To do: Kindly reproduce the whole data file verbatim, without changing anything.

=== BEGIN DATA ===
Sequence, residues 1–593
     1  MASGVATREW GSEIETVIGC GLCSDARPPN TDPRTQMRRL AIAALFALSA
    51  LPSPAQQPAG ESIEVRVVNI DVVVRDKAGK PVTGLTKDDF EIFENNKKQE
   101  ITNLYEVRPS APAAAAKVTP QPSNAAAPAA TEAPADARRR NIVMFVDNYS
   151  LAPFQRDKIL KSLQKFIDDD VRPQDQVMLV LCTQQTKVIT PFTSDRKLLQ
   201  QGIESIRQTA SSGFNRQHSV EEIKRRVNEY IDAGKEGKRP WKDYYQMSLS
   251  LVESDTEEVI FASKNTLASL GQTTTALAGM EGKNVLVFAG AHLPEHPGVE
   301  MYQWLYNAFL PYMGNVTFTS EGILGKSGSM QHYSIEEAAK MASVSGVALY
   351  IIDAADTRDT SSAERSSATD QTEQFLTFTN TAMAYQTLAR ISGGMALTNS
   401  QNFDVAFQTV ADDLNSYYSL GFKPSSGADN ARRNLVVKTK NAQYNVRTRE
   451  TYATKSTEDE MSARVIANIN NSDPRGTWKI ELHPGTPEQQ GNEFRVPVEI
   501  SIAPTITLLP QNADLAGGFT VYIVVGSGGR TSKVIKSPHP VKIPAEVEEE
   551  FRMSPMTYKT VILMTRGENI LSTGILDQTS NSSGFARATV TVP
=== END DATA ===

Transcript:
Sequence, residues 1–593
     1  MASGVATREW GSEIETVIGC GLCSDARPPN TDPRTQMRRL AIAALFALSA
    51  LPSPAQQPAG ESIEVRVVNI DVVVRDKAGK PVTGLTKDDF EIFENNKKQE
   101  ITNLYEVRPS APAAAAKVTP QPSNAAAPAA TEAPADARRR NIVMFVDNYS
   151  LAPFQRDKIL KSLQKFIDDD VRPQDQVMLV LCTQQTKVIT PFTSDRKLLQ
   201  QGIESIRQTA SSGFNRQHSV EEIKRRVNEY IDAGKEGKRP WKDYYQMSLS
   251  LVESDTEEVI FASKNTLASL GQTTTALAGM EGKNVLVFAG AHLPEHPGVE
   301  MYQWLYNAFL PYMGNVTFTS EGILGKSGSM QHYSIEEAAK MASVSGVALY
   351  IIDAADTRDT SSAERSSATD QTEQFLTFTN TAMAYQTLAR ISGGMALTNS
   401  QNFDVAFQTV ADDLNSYYSL GFKPSSGADN ARRNLVVKTK NAQYNVRTRE
   451  TYATKSTEDE MSARVIANIN NSDPRGTWKI ELHPGTPEQQ GNEFRVPVEI
   501  SIAPTITLLP QNADLAGGFT VYIVVGSGGR TSKVIKSPHP VKIPAEVEEE
   551  FRMSPMTYKT VILMTRGENI LSTGILDQTS NSSGFARATV TVP